The Fourth District Court of Appeal has issued an opinion in favor of a Gulf Stream resident who had sought to obtain the town mayor’s text message conversations along with unredacted bills sent to the city by outside counsel.
The appellate court reversed a Palm Beach Circuit Court’s order to dismiss a complaint by plaintiff Martin O’Boyle, who accused Gulf Stream Mayor Scott Morgan of violating the Florida Constitution and Public Records Act.
The underlying suit also named the town as a defendant, as well as attorneys John Randolph, Robert Sweetapple and Joanne O’Connor, who all serve as outside counsel to Gulf Stream, a town in Palm Beach County.
O’Boyle is the founder of the Citizen’s Awareness Foundation, a group that claims to be dedicated to educating constituents on the availability of Florida public records. He has previously been accused by city officials of running a grift to collect attorney fees through frivolous public information requests.
The feud has generated headlines. In March 2017, for instance, NPR affilliate WUFT reported O’Boyle and his son Jonathan, who also served as his father’s appellate attorney, have been locked in a battle with Gulf Stream city officials since 2013, when the town rejected O’Boyle’s home renovation application. Earlier, in September 2016, the Palm Beach Post had reported Gulf Stream filed a RICO complaint against O’Boyle alleging he and his son had engaged in a conspiracy to profiteer through Chapter 119 of the Florida statutes.
The complaint asserted that O’Boyle’s son would file complaints once agencies were overwhelmed by the Citizen’s Awareness Foundation’s voluminous record requests and unable to respond to each one properly. News reports indicate O’Boyle’s records requests were so excessive that state legislation has been drafted directly in response.
Private Devices Used for Public Business
Now, the Fourth DCA has weighed in on the feud. It found Palm Beach Circuit Judge David E. French properly dismissed O’Boyle’s Sunshine Law claims, as well as allegations the town violated Chapter 286 of the Florida statutes.
But the unanimous opinion, authored by Judge Mark Klingensmith and released Oct. 24, held that the lower court erred in dismissing claims under the Public Records Act.
The plaintiff had alleged the mayor and town “cherry picked” and “deliberately concealed” the texts shared through a records request. But Klingensmith cited a Florida Supreme Court ruling establishing that ” ‘private’ or ‘personal’ e-mails ‘simply fall outside the current definition of public records,’ ” and that the “ determination of whether something is a public record is a question of law subject to de novo review and is determined on a case-by-case basis.”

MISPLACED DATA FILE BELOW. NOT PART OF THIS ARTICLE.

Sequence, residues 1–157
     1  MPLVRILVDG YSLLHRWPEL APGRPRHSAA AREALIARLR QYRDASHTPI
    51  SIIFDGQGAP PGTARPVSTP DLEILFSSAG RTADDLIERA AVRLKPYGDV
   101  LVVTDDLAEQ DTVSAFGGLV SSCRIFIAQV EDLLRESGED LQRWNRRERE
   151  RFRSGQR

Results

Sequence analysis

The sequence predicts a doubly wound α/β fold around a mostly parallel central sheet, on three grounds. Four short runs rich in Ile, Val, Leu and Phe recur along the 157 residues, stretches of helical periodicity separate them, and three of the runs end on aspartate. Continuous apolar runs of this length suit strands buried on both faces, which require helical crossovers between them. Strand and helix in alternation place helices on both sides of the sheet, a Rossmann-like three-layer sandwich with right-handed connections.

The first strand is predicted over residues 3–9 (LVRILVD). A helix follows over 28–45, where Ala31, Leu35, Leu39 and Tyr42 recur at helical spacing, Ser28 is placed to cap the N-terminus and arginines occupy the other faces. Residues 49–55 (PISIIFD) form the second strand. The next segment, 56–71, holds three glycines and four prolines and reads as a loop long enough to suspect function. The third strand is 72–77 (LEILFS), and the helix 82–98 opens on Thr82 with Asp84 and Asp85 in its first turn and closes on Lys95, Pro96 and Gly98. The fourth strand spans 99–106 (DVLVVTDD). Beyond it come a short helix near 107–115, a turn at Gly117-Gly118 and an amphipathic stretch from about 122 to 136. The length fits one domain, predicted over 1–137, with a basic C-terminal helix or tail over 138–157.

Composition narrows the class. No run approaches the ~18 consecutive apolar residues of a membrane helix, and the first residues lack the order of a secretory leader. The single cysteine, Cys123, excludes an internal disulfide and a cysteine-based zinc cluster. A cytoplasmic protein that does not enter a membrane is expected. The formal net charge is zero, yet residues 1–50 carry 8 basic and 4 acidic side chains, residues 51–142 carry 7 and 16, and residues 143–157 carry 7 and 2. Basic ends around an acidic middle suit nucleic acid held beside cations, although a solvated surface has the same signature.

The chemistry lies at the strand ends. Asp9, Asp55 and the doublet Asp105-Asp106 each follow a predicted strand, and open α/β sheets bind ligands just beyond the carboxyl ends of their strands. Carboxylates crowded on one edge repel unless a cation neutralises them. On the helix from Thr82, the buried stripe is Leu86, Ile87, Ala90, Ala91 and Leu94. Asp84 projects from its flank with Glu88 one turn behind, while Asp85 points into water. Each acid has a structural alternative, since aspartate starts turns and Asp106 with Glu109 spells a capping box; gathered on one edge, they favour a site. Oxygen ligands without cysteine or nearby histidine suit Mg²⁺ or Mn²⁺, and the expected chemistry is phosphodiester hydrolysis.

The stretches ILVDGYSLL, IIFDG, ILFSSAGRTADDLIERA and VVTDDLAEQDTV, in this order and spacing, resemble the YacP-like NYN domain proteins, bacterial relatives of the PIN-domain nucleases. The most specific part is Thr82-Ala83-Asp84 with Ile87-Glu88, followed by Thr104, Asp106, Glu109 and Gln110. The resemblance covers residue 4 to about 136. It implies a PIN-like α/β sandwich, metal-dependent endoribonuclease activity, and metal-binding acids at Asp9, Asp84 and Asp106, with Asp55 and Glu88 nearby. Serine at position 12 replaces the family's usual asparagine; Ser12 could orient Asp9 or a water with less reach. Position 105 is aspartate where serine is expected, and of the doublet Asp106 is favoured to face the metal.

Read the opinion:
“To comply with the dictates of the act, the governmental entity must proceed as it relates to text messaging no differently than it would when responding to a request for written documents and other public records in the entity’s possession — such as emails — by reviewing each record, determining if some or all are exempted from production, and disclosing the unprotected records to the requester,” Klingensmith wrote.
The ruling also noted that if public officials use text messages to conduct official government business, “a process must be available to offer the public a way to obtain those records and resolve disputes about the extent of compliance.”
The opinion also found the Public Records Act would be undermined if public data stored on private devices were exempt from records requests.
“We acknowledge that the public’s statutory right to public records does not extinguish an individual’s constitutional and statutory rights in private information. But we do not read Article I, section 24 or the Public Records Act as a zero-sum choice between personal liberty and government accountability,” Klingensmith wrote. “Accordingly, the Town’s reasons for its lack of disclosure, whether for reasons related to relevancy, the application of possible privileges, or otherwise, necessitates a judicial review of the available communications to identify those which are subject to disclosure and any defenses to allegations of noncompliance.”
The appellate panel then instructed the trial court to perform an in camera, or private, review of all the mayor’s text exchanges since he assumed office to see which are public records. It also ordered the lower court to determine whether the plaintiffs are entitled to legal fees and court costs.
In analyzing the ruling, Miami-based attorney and Hinshaw & Culbertson partner David S. Weinstein told the Daily Business Review that the circuit court must now determine whether the delivery of the redacted bills was proper, and in the event they were not, what fees ought to be awarded to the prevailing party.
“The issue that remains is whether or not there are going to be any costs associated with this,” said Weinstein, who is not involved in the litigation.
Neither O’Boyle’s nor Gulf Stream’s counsel responded to requests for comment by press time.